“Rising migration inflows pose upside risks to unemployment for some years,” said a report by the IMF, which has previously criticized Sweden for its gap in employment levels between natives and immigrants.
Based on past experience of the pace of integration “the unemployment rate could rise to about 8.5 percent by 2020, and remain elevated for some years before declining”, added Wednesday's report.
According to recent figures by Swedish employment agency Arbetsförmedlingen, 21.8 percent of foreign-born workers are currently without a job, more than double the overall current rate of 7.8 percent.
The IMF is concerned at the time it takes migrants to assimilate. It calculates that after five years in the country only 48 percent would likely have a job and only 60 percent after 10 years.
“Among the stock of migrants, the share of low-educated increased to about 28 percent in 2014, from 17 percent in 2005,” it wrote.
However, another recent key report by banking giant Nordea estimated that Sweden's record intake of refugees could boost the country's GDP by 0.5 percent more than previously predicted next year, with those who do manage to land a job helping to plug skills gaps on the Swedish job market.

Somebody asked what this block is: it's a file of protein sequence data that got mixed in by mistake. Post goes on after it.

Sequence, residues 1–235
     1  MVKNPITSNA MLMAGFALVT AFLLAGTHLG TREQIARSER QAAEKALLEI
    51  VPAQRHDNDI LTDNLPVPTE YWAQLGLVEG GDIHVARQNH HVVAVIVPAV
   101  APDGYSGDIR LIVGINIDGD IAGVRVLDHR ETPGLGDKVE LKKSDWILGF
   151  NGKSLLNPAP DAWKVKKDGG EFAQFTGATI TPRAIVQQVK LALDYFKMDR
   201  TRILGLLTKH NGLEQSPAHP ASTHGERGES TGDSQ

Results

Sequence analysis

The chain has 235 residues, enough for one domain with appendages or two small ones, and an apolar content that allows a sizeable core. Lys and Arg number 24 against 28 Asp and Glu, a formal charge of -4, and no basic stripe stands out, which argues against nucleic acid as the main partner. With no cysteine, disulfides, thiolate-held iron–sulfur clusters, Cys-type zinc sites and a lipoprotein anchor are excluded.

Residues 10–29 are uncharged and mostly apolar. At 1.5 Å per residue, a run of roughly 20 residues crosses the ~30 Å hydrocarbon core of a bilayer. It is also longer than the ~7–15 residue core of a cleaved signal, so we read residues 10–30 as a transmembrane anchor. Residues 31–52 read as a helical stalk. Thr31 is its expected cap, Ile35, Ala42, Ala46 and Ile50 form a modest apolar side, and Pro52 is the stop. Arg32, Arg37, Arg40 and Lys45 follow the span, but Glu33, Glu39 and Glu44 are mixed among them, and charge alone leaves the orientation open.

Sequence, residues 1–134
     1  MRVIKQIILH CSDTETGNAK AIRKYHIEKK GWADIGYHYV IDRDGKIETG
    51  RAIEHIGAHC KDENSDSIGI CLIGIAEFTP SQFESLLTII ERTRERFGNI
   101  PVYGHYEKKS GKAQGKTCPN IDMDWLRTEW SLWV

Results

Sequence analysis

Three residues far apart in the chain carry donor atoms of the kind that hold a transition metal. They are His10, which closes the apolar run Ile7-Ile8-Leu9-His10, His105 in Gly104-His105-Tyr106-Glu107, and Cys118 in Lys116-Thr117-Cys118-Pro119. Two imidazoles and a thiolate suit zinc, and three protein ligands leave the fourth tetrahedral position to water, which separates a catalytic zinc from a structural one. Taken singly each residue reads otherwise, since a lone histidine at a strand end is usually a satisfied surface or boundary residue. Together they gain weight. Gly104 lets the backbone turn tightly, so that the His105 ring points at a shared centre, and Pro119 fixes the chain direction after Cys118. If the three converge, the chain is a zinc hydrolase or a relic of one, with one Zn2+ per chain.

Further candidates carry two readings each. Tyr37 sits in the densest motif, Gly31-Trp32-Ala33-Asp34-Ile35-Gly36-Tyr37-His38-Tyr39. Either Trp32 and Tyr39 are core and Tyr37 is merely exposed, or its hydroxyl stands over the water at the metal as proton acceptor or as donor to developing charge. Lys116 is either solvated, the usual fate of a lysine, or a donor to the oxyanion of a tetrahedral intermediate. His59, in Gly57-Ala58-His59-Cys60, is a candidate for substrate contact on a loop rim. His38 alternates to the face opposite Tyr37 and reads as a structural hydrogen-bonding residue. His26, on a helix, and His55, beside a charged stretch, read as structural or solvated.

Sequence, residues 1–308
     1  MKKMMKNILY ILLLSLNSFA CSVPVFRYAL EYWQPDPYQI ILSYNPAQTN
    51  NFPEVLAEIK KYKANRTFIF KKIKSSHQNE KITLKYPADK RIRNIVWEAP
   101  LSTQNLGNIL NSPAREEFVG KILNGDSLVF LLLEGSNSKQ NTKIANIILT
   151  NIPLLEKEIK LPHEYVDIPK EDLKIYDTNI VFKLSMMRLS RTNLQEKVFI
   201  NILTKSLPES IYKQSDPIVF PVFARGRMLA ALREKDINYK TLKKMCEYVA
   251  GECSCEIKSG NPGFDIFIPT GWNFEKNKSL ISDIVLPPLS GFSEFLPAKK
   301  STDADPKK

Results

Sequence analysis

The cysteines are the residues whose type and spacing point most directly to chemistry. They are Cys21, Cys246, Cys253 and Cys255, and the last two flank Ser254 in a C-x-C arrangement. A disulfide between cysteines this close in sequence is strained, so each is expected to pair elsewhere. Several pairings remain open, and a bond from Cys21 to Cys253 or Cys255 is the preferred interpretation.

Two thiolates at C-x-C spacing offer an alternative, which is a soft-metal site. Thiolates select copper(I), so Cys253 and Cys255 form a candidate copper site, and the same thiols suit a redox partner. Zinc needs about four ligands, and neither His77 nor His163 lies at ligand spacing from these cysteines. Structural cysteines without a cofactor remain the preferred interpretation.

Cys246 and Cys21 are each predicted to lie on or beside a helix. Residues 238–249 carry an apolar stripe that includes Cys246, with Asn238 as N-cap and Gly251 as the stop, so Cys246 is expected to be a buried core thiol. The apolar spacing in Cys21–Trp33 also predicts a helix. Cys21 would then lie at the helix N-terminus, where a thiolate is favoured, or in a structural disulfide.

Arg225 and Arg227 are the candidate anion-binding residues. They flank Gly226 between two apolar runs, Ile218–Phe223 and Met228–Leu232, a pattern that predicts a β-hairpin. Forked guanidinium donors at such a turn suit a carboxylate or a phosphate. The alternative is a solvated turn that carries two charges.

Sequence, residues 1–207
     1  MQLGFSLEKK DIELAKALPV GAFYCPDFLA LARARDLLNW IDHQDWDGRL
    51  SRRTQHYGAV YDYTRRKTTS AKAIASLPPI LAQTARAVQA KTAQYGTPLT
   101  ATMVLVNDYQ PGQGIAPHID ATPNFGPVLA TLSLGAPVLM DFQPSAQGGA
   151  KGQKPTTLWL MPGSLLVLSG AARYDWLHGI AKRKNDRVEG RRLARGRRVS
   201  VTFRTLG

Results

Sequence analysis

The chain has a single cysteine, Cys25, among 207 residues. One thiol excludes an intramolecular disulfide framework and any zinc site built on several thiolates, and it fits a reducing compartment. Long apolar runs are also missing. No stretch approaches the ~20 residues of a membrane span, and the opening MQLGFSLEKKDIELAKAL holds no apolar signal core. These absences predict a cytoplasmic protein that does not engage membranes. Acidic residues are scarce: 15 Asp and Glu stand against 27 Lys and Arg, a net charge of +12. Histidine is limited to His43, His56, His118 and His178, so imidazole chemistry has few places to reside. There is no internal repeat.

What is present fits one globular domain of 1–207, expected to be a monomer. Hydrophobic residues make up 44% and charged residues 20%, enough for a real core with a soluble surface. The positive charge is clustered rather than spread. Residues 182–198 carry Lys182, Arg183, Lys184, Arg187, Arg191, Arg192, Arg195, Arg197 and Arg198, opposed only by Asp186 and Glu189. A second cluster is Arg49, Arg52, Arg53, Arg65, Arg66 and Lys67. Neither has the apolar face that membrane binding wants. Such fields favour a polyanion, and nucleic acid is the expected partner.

“Migration is critical for maintaining growth in the working age population which, without migration, would shrink by a cumulative three percent by 2030 and 12 percent by 2060, according to Eurostat forecasts,” the IMF report agreed.
But in a country with an ageing population, “further efforts to expedite the residency permit, educational assessment, and skill validation processes, are needed in view of rising numbers,” it continued.
The IMF called for looser laws concerning the hiring of less-qualified workers to offset the barrier into the labour market posed by high entry-level wages in the Scandinavian country, which proponents argue are essential to maintaining job security.
Prime Minister Stefan Löfven has previously insisted he will achieve his goal of Sweden having the lowest unemployment rate in the EU by 2020.
However, Finance Minister Magdalena Andersson noted in an interview with the Svenska Dagbladet newspaper in November that his promise was looking increasingly “harder to reach”, with Sweden being expected to take in up to 190,000 asylum seekers over the whole of 2015.